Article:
On Tuesday the Scottish Cabinet met to discuss the lockdown and what to do about lifting or continuing the restrictions.

Largely the measures will remain in place, but some new rules to try and reduce the number of Covid-19 cases in Scotland have been introduced.

The government advice is to stay at home until the end of February at least when the measures will be reviewed again.

Schools will be closed to most children for the remainder of February.

But nurseries and Primary classes 1 to 3 will return full-time on 22 February 2021 subject to a final ruling on this on 16 February.

The government is also introducing what it calls a managed quarantine system, which will apply to everyone arriving directly into Scotland (regardless of where they have come from). This will mean that the traveller will have to spend a period of isolation in a hotel. More details will be announced soon on the measures which will be introduced “as soon as practicably possible”.

There will be differences introduced to the testing regime and for example all patient-facing healthcare workers such as doctors and dentists will be routinely tested. There will also be regular testing offered to support the return of schools. All senior phase secondary school students and all school staff will be able to test at home twice a week. Testing of workforces in food processing and distribution centres will be introduced and there will be targeted community testing.

In addition from mid-February tests will be offered to all close contacts of those who have tested positive. This will allow the Test and Protect teams to identify further contacts and track and break the chains of transmission.

There will be a self-isolation Support Grant of £500 for those who earn the Real Living Wage or less or those people who receive a reduction on council tax if they cannot earn because they have to self-isolate.

First Minister Nicola Sturgeon said: “As levels of the virus continue to fall in Scotland, it becomes ever more important that we stop the virus from being imported again. The threat of new variants is real and we must be ever-more vigilant.

“That is why we intend to introduce a managed quarantine requirement for anyone who arrives directly into Scotland, regardless of which country they have come from.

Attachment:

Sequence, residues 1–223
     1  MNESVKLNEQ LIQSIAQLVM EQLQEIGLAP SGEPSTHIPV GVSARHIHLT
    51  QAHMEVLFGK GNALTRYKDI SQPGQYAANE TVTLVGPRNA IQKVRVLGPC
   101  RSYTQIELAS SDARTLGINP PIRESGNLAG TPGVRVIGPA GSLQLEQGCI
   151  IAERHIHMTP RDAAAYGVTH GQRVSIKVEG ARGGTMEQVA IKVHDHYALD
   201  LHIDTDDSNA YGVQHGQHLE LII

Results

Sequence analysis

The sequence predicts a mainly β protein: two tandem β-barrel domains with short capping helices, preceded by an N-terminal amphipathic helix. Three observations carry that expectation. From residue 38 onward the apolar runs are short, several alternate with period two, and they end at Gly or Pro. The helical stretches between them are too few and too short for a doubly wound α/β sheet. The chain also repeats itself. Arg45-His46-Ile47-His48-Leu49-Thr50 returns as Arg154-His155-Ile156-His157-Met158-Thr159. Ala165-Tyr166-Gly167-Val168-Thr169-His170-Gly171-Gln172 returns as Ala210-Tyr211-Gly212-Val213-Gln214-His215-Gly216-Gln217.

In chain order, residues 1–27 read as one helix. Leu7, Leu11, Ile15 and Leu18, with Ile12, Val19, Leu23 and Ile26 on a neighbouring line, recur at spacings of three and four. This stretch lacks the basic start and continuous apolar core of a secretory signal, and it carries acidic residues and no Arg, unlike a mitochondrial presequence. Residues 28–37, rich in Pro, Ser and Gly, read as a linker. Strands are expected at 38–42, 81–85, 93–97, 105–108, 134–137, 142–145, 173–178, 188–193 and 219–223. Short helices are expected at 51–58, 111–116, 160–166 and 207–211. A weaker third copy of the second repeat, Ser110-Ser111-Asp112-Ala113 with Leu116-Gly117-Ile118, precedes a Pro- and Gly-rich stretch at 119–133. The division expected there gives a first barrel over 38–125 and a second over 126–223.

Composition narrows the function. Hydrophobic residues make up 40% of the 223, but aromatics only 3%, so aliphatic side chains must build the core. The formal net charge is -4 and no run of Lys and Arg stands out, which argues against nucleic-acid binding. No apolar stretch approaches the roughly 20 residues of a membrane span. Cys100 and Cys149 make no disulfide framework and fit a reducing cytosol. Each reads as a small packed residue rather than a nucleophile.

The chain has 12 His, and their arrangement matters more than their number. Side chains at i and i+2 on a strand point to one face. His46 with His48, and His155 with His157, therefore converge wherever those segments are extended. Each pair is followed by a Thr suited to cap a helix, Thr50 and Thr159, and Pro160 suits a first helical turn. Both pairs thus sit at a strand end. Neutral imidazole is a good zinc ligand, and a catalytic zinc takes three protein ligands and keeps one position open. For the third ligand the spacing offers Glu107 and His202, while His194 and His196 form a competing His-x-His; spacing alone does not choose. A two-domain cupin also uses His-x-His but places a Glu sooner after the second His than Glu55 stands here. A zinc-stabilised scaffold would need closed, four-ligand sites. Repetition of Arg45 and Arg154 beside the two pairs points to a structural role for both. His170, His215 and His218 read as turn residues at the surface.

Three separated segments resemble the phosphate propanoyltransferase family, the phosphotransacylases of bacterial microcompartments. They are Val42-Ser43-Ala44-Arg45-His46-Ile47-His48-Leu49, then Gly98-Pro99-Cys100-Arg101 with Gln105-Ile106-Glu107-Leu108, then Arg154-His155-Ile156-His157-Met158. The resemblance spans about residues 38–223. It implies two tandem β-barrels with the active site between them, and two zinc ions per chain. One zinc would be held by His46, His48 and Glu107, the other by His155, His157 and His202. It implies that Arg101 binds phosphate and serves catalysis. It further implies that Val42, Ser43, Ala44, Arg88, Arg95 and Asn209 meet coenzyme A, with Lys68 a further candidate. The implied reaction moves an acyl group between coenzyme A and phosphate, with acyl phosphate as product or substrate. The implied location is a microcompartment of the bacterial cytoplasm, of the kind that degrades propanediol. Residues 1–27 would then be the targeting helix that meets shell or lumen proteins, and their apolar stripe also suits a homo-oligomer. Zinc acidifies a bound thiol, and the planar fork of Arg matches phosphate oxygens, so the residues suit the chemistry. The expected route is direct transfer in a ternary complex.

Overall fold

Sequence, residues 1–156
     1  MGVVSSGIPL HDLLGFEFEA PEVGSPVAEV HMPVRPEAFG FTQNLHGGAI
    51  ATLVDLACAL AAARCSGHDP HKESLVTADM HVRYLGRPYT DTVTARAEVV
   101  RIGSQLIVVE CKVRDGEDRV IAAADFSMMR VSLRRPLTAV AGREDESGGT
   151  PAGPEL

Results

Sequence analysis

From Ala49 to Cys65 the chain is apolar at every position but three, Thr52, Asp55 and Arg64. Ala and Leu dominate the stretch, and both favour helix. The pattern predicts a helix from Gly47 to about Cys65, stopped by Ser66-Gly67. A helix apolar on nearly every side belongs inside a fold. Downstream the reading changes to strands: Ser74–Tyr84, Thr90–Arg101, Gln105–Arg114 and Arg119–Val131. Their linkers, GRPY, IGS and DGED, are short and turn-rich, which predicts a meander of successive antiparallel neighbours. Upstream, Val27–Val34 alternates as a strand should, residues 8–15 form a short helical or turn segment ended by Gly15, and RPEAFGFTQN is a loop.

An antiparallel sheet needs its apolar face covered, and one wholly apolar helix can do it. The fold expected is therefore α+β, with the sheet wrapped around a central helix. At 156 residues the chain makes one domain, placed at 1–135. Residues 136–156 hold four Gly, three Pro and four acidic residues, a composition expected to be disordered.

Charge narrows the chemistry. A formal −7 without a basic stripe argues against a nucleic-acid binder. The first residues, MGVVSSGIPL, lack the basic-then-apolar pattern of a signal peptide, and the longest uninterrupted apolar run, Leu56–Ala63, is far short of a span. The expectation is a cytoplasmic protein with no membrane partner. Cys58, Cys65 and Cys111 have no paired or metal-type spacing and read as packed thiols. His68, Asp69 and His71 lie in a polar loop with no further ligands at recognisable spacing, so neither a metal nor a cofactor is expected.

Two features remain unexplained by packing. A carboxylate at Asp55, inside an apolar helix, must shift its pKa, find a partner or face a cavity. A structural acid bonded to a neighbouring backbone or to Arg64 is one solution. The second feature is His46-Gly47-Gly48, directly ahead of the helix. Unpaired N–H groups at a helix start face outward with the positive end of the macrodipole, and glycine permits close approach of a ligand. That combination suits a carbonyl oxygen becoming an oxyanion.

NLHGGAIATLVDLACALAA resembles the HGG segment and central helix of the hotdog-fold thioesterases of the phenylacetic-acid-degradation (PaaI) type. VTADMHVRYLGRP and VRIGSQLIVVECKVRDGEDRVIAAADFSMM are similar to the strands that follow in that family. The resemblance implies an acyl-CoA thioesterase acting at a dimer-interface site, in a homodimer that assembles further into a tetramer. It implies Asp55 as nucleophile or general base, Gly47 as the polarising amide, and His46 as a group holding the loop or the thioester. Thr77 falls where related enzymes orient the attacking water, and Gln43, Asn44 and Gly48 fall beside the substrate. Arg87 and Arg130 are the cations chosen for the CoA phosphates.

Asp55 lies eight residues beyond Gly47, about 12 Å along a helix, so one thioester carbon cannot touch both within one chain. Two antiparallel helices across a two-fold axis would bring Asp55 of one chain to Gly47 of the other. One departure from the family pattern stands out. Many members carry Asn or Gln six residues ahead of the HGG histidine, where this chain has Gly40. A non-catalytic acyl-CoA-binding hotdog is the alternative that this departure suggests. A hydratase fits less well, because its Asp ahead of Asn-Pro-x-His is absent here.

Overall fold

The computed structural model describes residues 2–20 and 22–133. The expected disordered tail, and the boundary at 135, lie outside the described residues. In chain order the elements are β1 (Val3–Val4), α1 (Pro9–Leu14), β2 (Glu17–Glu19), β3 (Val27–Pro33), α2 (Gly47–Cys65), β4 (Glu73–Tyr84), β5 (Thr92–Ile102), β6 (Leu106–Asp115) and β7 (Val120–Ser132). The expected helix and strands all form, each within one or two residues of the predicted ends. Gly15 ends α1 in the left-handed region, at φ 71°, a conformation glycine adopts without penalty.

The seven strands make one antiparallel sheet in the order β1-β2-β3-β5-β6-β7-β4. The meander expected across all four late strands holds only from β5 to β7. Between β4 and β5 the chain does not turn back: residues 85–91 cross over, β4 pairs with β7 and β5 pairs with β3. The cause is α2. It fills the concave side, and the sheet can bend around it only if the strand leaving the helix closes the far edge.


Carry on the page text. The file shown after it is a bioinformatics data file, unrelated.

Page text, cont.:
We want to work with the UK Government to avoid travellers sidestepping restrictions and arriving in other parts of the UK before travelling to Scotland, however the most effective approach to prevent this and to stop new variants being imported is for the UK Government to introduce a compulsory quarantine for anyone travelling into the UK from overseas.

“Since we still have work to do these measures will not be introduced this week and more detail will follow shortly.

“We believe that targeted community testing can play a particularly valuable role in communities where prevalence is starting to rise rapidly which is why we have expanded our testing programme to identify cases and break chains of transmission.

“Lockdown is starting to slow down the virus. But we also need to pick up the pace in our vaccination programme. We are doing that and will accelerate the programme further over the next fortnight – providing that we have sufficient supplies of the vaccine – as we work towards being able to vaccinate 400,000 people a week by the end of the month. We are making rapid progress in protecting those who are most at risk from Covid-19.”

On schooling, the First Minister added: “I am acutely aware of the pressure school closures is putting on working parents and on family life more generally.

“Our room for manoeuvre, given the current state of the pandemic, is limited. But the government is determined to use every inch of headroom we have to get children back to school.

“Based on the advice of our expert advisers, if we all agree to abide with the lockdown restrictions for a bit longer so that our progress in suppressing the virus continues, we can begin a phased, albeit gradual, return to school from 22 February.”

Read more here and see graphic below.

Scottish Greens co-leader Patrick Harvie said: “I am pleased that the Scottish Government has widened the self-isolation payment, although this does not go far enough, and Greens will bring a motion on this to Parliament tomorrow.

“However, the pledge on schools testing is most welcome and delivers on proposals Scottish Greens brought to parliament and was twice backed by MSPs.

“It is vital the return of schools is not done at the expense of safety and that it does not spread the virus further. I am pleased the Scottish Government has acted on our calls for extra staff and testing, but capacity issues remain.

“We need to look at the practicalities and implications for teacher workloads. Many young people were required, often repeatedly, to self-isolate when schools were open before Christmas, so teachers will require additional support if they are going to be expected to deliver both remote learning and in-class teaching at the same time, as well as the additional test and trace work they are being asked to do.”

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